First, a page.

When many interpolation points (more than 5 or 10) are to be used, it is often much more efficient to use instead a piece-wise polynomial interpolant or spline. Suppose the interpolation points above are ordered, *x*_{0} < *x*_{1} < ··· *x*_{n}. Then the cubic spline interpolant to the above data, for example, consists of cubic polynomial pieces, with the ith piece defining the interpolant on the interval [*x*_{i-1},*x*_{i}] and so matched with its neighboring piece or pieces that the resulting function not only matches the given function values (hence is continuous) but also has a continuous first and second derivative.

Interpolation is but one way to determine an approximant. In full generality, approximation involves several choices: (1) a set *P* of possible approximants, (2) a criterion for selecting from *P* a particular approximant, and (3) a way to measure the approximation error, that is, the difference between the function ƒ to be approximated and the approximant *p*, in order to judge the quality of approximation.

#### Solution of linear systems

Solving a linear system of equations is probably the most frequently confronted computational task. It is handled either by a direct method, that is, a method which obtains the exact answer in a finite number of steps, or by an iterative method, or by a judicious combination of both. Analysis of the effectiveness of possible methods has led to a workable basis for selecting the one which best fits a particular situation.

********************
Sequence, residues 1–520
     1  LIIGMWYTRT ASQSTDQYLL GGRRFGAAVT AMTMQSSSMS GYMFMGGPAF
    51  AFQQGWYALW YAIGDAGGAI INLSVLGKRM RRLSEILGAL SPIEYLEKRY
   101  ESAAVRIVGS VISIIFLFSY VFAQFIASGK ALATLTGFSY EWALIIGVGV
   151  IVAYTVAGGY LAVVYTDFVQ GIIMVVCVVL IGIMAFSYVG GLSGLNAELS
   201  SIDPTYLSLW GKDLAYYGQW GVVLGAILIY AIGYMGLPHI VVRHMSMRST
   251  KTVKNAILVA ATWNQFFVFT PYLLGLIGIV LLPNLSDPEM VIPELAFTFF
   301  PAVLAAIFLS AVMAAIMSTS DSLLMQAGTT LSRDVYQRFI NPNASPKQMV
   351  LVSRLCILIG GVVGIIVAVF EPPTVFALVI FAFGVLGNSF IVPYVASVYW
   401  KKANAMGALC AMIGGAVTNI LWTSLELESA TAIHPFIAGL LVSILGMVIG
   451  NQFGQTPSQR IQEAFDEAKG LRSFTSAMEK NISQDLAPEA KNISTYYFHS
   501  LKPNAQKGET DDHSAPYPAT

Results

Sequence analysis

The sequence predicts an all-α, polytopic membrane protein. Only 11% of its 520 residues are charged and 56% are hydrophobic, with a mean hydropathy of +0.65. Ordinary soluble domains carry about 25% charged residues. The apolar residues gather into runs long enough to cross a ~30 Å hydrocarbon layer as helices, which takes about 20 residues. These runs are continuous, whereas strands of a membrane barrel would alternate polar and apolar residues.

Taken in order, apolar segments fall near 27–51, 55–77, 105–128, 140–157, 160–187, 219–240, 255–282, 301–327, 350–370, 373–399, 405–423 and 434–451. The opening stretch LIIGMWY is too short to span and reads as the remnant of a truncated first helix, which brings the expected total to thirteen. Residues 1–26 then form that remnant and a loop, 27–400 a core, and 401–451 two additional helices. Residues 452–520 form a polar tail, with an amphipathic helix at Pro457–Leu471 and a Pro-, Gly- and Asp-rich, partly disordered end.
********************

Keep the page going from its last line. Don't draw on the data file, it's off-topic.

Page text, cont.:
Direct methods require a number of operations which increases with the cube of the number of unknowns. Some types of problems arise wherein the matrix of coefficients is sparse, but the unknowns may number several thousand; for these, direct methods are prohibitive in computer time required. One frequent source of such problems is the finite difference treatment of partial differential equations. A significant literature of iterative methods exploiting the special properties of such equations is available. For certain restricted classes of difference equations, the error in an initial iterate can be guaranteed to be reduced by a fixed factor, using a number of computations that is proportional to *n* log *n*, where *n* is the number of unknowns. Since direct methods require work proportional to *n*^{3}, it is not surprising that as *n* becomes large, iterative methods are studied rather closely as practical alternatives.

#### Differential equations

Classical methods yield practical results only for a moderately restricted class of ordinary differential equations, a somewhat more restricted class of systems of ordinary differential equations, and a very small number of partial differential equations. The power of numerical methods is enormous here, for in quite broad classes of practical problems relatively straightforward procedures are guaranteed to yield numerical results, whose quality is predictable.